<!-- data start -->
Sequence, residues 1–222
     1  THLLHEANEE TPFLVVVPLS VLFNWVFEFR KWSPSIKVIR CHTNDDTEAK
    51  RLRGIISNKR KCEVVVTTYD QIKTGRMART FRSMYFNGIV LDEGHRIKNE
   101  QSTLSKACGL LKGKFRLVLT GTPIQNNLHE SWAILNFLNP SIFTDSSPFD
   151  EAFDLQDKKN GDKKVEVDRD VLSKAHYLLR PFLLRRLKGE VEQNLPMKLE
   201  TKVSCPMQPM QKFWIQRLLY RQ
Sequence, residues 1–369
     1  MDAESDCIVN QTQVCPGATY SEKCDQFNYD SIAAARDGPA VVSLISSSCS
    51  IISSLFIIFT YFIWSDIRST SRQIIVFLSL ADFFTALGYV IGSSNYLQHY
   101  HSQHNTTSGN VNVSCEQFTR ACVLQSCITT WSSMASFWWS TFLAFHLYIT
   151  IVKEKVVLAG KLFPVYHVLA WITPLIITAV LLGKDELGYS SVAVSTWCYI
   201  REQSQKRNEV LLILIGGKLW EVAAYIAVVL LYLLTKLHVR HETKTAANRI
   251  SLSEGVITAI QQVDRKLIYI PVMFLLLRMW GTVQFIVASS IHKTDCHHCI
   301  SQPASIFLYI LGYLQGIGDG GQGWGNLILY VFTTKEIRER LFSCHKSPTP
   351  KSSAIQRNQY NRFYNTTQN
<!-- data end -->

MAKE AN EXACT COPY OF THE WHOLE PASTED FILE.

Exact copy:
Sequence, residues 1–222
     1  THLLHEANEE TPFLVVVPLS VLFNWVFEFR KWSPSIKVIR CHTNDDTEAK
    51  RLRGIISNKR KCEVVVTTYD QIKTGRMART FRSMYFNGIV LDEGHRIKNE
   101  QSTLSKACGL LKGKFRLVLT GTPIQNNLHE SWAILNFLNP SIFTDSSPFD
   151  EAFDLQDKKN GDKKVEVDRD VLSKAHYLLR PFLLRRLKGE VEQNLPMKLE
   201  TKVSCPMQPM QKFWIQRLLY RQ
Sequence, residues 1–369
     1  MDAESDCIVN QTQVCPGATY SEKCDQFNYD SIAAARDGPA VVSLISSSCS
    51  IISSLFIIFT YFIWSDIRST SRQIIVFLSL ADFFTALGYV IGSSNYLQHY
   101  HSQHNTTSGN VNVSCEQFTR ACVLQSCITT WSSMASFWWS TFLAFHLYIT
   151  IVKEKVVLAG KLFPVYHVLA WITPLIITAV LLGKDELGYS SVAVSTWCYI
   201  REQSQKRNEV LLILIGGKLW EVAAYIAVVL LYLLTKLHVR HETKTAANRI
   251  SLSEGVITAI QQVDRKLIYI PVMFLLLRMW GTVQFIVASS IHKTDCHHCI
   301  SQPASIFLYI LGYLQGIGDG GQGWGNLILY VFTTKEIRER LFSCHKSPTP
   351  KSSAIQRNQY NRFYNTTQN